Jean Nicod

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Jean George Pierre Nicod (1 June 1893, in France – 16 February 1924, in Geneva, Switzerland) was a French philosopher, mathematician and logician.


In his best known work, he showed that the classical propositional calculus could be derived from one axiom and one rule, both expressed using the Sheffer stroke. He also proposed the Nicod's axiom and developed Nicod's criterion.

Nicod died at the age of 31 from tuberculosis.

See also Carl Hempel's raven paradox.


The Institut Jean Nicod (Paris) — a branch of the French Centre National de la Recherche Scientifique (CNRS) -- is research laboratory at the interface between cognitive science and the social sciences — was named in honour of Nicod's memory. Jean Nicod's name is also commemorated by the prestigious Jean Nicod Lectures, delivered annually in Paris by a leading philosopher of mind or philosophically oriented cognitive scientist, and published as a series by the MIT Press. The lecturer is awarded the Jean Nicod Prize by the CNRS.

Main works[edit]

  • 1917, "A Reduction in the Number of Primitive Propositions of Logic", Proc. Camb. Phil. Soc. 19: 32-41.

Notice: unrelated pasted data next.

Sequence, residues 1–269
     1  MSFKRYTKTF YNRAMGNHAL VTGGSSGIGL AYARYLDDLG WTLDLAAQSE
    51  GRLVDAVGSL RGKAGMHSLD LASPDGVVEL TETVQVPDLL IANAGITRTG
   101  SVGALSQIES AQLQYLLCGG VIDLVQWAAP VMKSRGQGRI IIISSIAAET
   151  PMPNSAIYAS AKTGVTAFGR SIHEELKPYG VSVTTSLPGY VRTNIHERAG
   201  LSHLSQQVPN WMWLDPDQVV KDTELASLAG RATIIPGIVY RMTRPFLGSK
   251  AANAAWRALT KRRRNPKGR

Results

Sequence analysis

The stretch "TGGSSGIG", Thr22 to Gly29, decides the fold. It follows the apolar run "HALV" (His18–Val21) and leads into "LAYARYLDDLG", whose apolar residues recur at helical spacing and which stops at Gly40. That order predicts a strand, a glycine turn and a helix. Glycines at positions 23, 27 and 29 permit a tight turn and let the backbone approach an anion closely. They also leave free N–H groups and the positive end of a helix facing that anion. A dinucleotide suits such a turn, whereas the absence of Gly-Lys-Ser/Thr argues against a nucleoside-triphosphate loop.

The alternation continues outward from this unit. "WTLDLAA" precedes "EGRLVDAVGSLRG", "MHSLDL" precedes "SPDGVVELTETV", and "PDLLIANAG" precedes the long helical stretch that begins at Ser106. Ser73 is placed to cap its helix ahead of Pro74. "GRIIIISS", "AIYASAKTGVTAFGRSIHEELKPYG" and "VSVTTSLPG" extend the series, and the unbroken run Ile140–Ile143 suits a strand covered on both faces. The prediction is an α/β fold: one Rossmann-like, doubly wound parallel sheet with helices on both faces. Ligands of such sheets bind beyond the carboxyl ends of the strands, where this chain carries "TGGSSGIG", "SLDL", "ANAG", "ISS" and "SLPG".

• 1921, "La géométrie des sensations de mouvement", Revue de métaphysique et de morale 28: 537-43.
  • 1922, "Les tendances philosophiques de M. Bertrand Russell", Revue de métaphysique et de morale 29: 77-84.
  • 1922, "Mathematical Logic and the Foundations of Mathematics" in Encyclopædia Britannica: The New Volumes, vol. 3, 12th ed. 874-76.
  • 1923. La géométrie dans le monde sensible. Thèse, Univ. de Paris.
  • 1923. Le problème logique de l'induction. Thèse complémentaire, Univ. de Paris.
  • 1924. "Les relations des valeurs et les relations de sens en logique formelle", Revue de métaphysique et de morale 31: 467-80.
  • 1924, "Freedom of Association and Trade Unionism: An Introductory Survey", International Labor Review 9: 467-80.
  • 1930. Foundations of Geometry & Induction, Containing Geometry in a Sensible World and the Logical Problem of Induction, with prefaces by Bertrand Russell and André Lalande. London: Kegan Paul, Trench, Trubner & Co. New York: Harcourt, Brace & Co.[1] Reprinted 2000, London: Routledge.


  1. ^ Dresden, Arnold (1931). "Review: Foundations of Geometry and Induction by Jean Nicod". Bull. Amer. Math. Soc. 37 (3): 152–153. doi:10.1090/S0002-9904-1931-05111-9.

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